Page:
Dana L.: You are missing the entire point. I wanted my doctors to help me prevent a pregnancy through Plan-B so I wouldn't have to abort a pregnancy later. Yes, I made a stupid mistake with my husband--but the diaphragm could just as easily have failed, or I could have been raped by a stranger--and I still would have been in the same place--with the doctors refusing to prescribe me emergency contraception. My point is the Bush administration is unwittingly encouraging abortions through its misguided Plan-B policy!


Washington, D.C.: "the medicine is out there--medicine that would have prevented an abortion"

I would argue that that the "medicine" wouldn't prevent an abortion, it would cause one. That is why this is such a difficult subject. Reasonable people (I think I am, I assume you are) can have a different set of "facts" that they are working with.

Dana L.: The scientists at FDA--presumably objective people--didn't agree with you--however.


Washington, D.C.: I too was stunned by your decision not to use a condom or refrain from sex. Before I was married, I set my alarm at 6am on the weekends, just so I could take the pill at the same time I took it during the week to ensure I got 24 hour coverage. If I had sex during ovulation, my boyfriend wore a condom or we refrained. Inconvenient? Definitely, but worth it.

Dana L.: Yes, I agree it was a mistake, and a dumb one. But the same result would have obtained if the diaphragm had failed or I had been raped. So the policy issue for all of us remains the same, does it not, even if you don't like my particular set of facts?


Washington, D.C.: Thanks for sharing your very personal story. I don't know why more attention hasn't been made of the FDA's handling of Plan B, including the huge loss of Susan Wood, but maybe this will finally help. Have you heard from any politicians or lobbyists who want to push this issue forward?

Dana L.: No, but I hope my article helps to galvanize action on the seemingly stalled issue.


Crofton, Md.: Doctors are not required to perform abortions. Nor should they be required to prescribe Plan B, because Plan B kills human life. Don't be mad at your doctor.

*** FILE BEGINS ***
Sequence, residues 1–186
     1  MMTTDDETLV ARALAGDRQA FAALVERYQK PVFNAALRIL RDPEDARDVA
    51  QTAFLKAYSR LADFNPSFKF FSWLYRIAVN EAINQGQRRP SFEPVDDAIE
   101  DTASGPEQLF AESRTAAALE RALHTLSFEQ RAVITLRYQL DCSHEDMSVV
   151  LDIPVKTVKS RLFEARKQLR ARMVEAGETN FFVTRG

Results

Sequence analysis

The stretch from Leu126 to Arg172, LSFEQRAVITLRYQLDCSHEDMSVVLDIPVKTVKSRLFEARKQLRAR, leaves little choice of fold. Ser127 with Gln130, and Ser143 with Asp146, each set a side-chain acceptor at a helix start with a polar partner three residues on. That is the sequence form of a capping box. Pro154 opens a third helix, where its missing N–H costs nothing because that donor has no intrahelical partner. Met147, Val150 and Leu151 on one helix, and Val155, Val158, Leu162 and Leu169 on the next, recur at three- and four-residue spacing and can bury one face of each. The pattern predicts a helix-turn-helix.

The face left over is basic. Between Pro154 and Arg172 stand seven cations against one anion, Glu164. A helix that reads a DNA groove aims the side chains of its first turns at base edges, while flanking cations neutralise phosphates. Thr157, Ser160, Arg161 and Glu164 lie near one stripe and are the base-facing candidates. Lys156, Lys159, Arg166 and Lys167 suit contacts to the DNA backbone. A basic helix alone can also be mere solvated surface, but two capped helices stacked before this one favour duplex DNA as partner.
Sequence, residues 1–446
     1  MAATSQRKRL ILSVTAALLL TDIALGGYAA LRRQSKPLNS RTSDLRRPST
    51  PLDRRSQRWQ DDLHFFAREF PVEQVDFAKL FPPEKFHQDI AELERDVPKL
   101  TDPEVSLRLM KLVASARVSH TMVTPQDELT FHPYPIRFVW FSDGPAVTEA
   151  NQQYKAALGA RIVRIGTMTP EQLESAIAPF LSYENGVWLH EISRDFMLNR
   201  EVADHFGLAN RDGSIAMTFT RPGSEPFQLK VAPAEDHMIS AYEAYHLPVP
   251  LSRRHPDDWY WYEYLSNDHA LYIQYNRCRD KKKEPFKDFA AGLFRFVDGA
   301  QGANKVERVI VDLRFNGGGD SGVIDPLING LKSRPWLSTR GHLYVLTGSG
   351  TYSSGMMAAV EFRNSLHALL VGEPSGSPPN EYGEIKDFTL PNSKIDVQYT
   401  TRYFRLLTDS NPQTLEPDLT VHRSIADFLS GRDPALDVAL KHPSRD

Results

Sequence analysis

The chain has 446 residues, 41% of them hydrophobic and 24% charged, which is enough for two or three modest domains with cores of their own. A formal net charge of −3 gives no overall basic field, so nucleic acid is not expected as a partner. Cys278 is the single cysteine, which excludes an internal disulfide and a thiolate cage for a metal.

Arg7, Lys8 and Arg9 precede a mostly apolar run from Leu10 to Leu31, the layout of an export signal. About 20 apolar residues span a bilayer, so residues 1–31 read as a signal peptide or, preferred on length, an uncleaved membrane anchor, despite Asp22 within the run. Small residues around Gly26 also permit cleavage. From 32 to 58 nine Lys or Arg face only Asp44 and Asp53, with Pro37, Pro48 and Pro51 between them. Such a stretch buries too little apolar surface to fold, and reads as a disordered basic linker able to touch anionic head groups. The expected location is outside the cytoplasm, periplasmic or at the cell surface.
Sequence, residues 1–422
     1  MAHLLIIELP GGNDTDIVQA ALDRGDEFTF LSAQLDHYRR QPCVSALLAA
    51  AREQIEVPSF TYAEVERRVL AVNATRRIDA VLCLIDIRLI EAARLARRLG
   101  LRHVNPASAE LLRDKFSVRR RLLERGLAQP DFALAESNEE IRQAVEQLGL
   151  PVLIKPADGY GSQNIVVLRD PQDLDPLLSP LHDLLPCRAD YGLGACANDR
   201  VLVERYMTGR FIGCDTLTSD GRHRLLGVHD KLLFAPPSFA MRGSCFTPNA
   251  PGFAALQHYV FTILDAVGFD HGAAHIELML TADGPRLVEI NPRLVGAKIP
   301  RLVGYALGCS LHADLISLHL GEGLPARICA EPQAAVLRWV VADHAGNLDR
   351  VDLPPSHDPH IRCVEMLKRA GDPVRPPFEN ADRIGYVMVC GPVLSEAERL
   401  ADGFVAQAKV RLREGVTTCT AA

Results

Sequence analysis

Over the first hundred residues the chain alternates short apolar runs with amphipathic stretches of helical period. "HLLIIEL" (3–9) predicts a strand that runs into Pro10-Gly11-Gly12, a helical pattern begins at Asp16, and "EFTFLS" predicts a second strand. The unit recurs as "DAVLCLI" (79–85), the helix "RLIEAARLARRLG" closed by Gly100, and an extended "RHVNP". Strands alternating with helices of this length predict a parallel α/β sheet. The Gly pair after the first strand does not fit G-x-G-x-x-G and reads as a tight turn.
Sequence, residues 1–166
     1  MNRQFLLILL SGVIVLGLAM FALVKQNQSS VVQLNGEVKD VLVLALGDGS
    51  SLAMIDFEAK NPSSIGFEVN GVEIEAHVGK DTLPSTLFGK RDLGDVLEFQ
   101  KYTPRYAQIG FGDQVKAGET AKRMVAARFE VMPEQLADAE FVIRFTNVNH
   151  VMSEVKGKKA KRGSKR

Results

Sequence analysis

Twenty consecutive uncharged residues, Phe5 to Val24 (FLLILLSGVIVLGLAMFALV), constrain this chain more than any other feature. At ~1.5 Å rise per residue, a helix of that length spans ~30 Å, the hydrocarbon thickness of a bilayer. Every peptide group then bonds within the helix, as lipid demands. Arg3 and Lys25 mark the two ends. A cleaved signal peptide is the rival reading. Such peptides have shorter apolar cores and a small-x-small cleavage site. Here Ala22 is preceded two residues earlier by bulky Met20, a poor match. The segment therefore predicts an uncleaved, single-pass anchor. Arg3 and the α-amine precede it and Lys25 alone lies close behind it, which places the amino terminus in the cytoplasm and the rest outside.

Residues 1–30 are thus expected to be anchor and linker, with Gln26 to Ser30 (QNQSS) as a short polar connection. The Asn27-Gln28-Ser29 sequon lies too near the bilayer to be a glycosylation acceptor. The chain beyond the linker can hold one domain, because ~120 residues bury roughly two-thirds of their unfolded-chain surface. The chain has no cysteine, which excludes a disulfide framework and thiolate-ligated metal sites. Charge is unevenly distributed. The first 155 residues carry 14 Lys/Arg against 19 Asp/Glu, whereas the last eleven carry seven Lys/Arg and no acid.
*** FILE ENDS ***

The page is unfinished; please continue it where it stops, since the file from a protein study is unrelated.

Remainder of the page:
Dana L.: Different people see things differently. I don't see Plan-B any differently than the Pill. Do you view the Pill as abortion?


Upper Marlboro, Md.: Dana, the pill is an abortion. I have heard of girls who died trying to abort the baby by using that pill.

Dana L.: I think you are possibly confusing Plan-B with the mifesteprone or RU-486 drug.


Germantown, Md.: To compare yourself to a rape victim is absurd and offensive. I am not suggesting you did not face a horrible dilemma, and I respect your right to keep certain things private. However, your need to put the responsibility for that choice on someone else's shoulders is astounding.

Dana L.: I am not in any way comparing myself to a rape victim; that is absurd. I am simply saying how a pregnancy occurs is irrelevant. If someone who had been raped had called my doctor and asked for Plan-B, she would not have been able to get it either. Presumably, you wouldn't be making the same value judgment about her that you are making about me, and you wouldn't force her to have go through with that unintended pregnancy . . .


Arlington, Va.: Dana, I found your article interesting since I had a similar event, but mine happened in the wee hours of Saturday AM, so calling my OB/GYN wasn't even an option. I immediately called PP on Sat. morning and went in for Plan B, which was administered right away. After paying $65 for the visit, I made a note to talk to my doc.

I asked her for a prescription to have on hand 'just in case', which she provided, along with a pack of 'regular' because pills with instructions on how to use them for emergency contraception (EC).

All women who think they might need Plan B need to do this! Arm yourself with a Rx before the emergency arises.

Secondly, I discussed it with my husband and he decided to have a vasectomy in order to avoid a repeat of the incident, which I thought was mighty sweet of him.

I hope your story raises awareness.

Dana L.: Thanks for your post. I wrote the article precisely to raise awareness and to get women to arm themselves with backup prescriptions for emergency contraception just-in-case. You never know . . . I never knew my own doctors would refuse me! And you know this health care system. You just can't get a strange doctor you've never seen to write you a prescription. Too bad I didn't think of Planned Parenthood in my panic.


Fairfax, Va.: Aren't doctors required to prescribe two forms of birth control for women taking Category X drugs? Are you taking Crestor? Are the doctors only supposed to warn you and leave it up to you? This was a real eye opener for me. Living in the possibly the most media saturated area in the country, having post graduate education, and (presumably)health insurance and regular health care, it didn't even occur to a lawyer (or her husband) to call Planned Parenthood or other pro-pill, abortion activists to find out more because she panicked? What can we expect from teenagers? I was never a big abstinence advocate for teens but maybe that is the what should be promoted if responsible contraception is this unlikely.